Date on Master's Thesis/Doctoral Dissertation


Document Type

Doctoral Dissertation

Degree Name

Ph. D.


Criminal Justice

Degree Program

Criminal Justice, PhD

Committee Chair

Higgins, George

Committee Co-Chair (if applicable)

Vito, Gennaro

Committee Member

Vito, Gennaro

Committee Member

Dawson-Edwards, Cherie

Committee Member

Golder, Seana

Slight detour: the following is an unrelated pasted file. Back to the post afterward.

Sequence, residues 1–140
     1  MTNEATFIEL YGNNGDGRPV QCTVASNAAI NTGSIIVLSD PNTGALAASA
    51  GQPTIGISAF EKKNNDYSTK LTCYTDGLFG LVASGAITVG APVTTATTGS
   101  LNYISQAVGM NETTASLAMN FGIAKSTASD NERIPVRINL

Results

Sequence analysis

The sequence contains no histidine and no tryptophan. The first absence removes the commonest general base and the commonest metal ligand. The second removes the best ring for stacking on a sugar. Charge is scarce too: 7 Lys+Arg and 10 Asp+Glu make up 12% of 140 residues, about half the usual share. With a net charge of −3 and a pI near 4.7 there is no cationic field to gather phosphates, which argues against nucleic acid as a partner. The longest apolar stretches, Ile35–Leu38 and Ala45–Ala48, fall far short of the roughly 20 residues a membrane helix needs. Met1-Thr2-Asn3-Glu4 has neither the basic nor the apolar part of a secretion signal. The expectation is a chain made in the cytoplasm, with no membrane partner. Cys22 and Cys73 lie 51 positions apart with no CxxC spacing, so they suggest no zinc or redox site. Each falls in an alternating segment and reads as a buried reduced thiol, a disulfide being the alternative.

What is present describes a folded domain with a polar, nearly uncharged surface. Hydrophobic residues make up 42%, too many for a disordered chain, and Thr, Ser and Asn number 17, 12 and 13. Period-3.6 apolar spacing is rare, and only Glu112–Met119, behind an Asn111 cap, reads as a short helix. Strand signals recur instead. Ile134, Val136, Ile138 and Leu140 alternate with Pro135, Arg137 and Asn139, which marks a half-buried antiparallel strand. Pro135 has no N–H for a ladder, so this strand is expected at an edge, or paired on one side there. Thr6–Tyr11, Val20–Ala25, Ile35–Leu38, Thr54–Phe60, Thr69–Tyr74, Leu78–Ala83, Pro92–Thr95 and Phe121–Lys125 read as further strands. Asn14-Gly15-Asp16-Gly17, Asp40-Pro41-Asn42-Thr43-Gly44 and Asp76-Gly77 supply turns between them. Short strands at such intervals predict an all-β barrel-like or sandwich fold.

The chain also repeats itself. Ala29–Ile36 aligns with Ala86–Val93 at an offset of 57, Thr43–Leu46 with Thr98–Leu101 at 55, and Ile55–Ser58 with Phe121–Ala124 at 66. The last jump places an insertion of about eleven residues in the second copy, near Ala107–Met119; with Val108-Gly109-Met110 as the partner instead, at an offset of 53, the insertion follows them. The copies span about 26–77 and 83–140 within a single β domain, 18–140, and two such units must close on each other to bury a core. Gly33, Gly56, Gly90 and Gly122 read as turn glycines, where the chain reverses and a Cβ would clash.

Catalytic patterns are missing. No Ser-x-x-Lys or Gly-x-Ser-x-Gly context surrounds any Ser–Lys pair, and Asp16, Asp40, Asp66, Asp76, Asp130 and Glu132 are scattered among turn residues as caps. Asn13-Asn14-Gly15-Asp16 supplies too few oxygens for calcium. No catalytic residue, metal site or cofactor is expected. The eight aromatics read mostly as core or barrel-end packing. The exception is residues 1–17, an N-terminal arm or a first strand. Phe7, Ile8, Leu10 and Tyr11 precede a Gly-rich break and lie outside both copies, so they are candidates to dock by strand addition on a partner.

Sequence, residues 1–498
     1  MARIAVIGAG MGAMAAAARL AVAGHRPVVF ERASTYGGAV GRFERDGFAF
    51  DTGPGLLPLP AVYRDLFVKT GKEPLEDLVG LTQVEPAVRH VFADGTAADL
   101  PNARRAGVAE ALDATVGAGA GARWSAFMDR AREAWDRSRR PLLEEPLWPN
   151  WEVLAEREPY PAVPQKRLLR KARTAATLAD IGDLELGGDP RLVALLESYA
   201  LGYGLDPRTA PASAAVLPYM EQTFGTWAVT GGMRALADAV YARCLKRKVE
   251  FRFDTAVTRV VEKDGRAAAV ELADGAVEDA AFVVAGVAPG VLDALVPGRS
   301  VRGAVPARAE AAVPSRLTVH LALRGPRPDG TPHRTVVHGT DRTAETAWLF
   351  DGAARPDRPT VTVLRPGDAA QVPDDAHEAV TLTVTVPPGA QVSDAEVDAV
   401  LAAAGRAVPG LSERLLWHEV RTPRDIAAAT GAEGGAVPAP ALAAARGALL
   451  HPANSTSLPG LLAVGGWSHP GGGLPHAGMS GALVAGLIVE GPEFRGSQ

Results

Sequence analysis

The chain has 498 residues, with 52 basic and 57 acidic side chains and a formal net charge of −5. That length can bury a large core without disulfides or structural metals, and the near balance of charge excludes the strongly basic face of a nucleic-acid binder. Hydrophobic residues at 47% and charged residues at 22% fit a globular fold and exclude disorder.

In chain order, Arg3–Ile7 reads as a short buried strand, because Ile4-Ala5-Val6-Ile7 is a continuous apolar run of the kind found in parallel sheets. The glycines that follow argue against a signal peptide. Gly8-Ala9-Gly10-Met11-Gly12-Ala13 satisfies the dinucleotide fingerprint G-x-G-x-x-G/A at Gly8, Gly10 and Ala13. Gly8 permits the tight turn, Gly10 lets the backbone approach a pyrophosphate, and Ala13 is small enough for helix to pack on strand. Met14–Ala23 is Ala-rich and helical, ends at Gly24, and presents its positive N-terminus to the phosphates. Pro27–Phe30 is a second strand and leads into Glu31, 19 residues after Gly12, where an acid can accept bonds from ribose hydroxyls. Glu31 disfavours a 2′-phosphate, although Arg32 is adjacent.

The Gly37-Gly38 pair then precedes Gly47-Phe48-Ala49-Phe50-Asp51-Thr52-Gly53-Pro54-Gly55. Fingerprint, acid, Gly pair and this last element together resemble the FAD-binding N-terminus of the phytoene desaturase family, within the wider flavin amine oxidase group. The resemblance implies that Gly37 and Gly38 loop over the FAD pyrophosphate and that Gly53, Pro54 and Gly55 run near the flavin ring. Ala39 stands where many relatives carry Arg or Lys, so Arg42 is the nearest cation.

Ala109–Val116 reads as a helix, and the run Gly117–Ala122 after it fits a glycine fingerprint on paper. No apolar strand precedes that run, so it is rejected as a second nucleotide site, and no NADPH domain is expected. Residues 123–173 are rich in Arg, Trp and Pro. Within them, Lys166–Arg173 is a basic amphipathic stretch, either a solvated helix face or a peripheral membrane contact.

This dissertation attempts to gain a better understanding of the means by which deviant behavior is perpetuated. Nonsocial reinforcement theory proposes that behavior is reinforced by psychological, physiological, and social rewards of the behavior. This reinforcement of the behavior causes the frequency of the behavior to increase. Specifically, when an individual uses marijuana, the psychological and physiological rewards gained from the behavior can lead the individual to continue using marijuana over time. This dissertation will test this reciprocal impact of increased psychological and physiological responses leading to an increase in the behavior. Data from the National Longitudinal Study of Youth Children and Young Adults Survey (NLSY79 Child) was utilized from years 1996 and 1999. The sample was filtered to only those individuals between the ages of 14 and 20 during the 1996 year. Measurements of marijuana use, risk taking as a means of physiological rewards, and self-esteem as a measure of psychological rewards were examined during both years along with demographic factors of sex, age, race, and socioeconomic status. Structural equation modeling was used to test the longitudinal model of nonsocial reinforcement theory. Findings from the first wave of data collection suggest that individuals with a higher preference for risk taking are more likely to use marijuana. Findings from the second wave show a relationship between low self-esteem and high risk taking. The longitudinal reciprocal effects were not supported in the current analysis. The two-year time frame utilized in the study may be too long to examine the reciprocal effects. Regardless, the impact of self-esteem and risk taking propensity in influencing behavior can be utilized in interventions to help reduce deviant behavior. The additional information learned about how behavior is reinforced can be used to create new and innovative interventions to break the cycle of reinforcement and reduce marijuana use.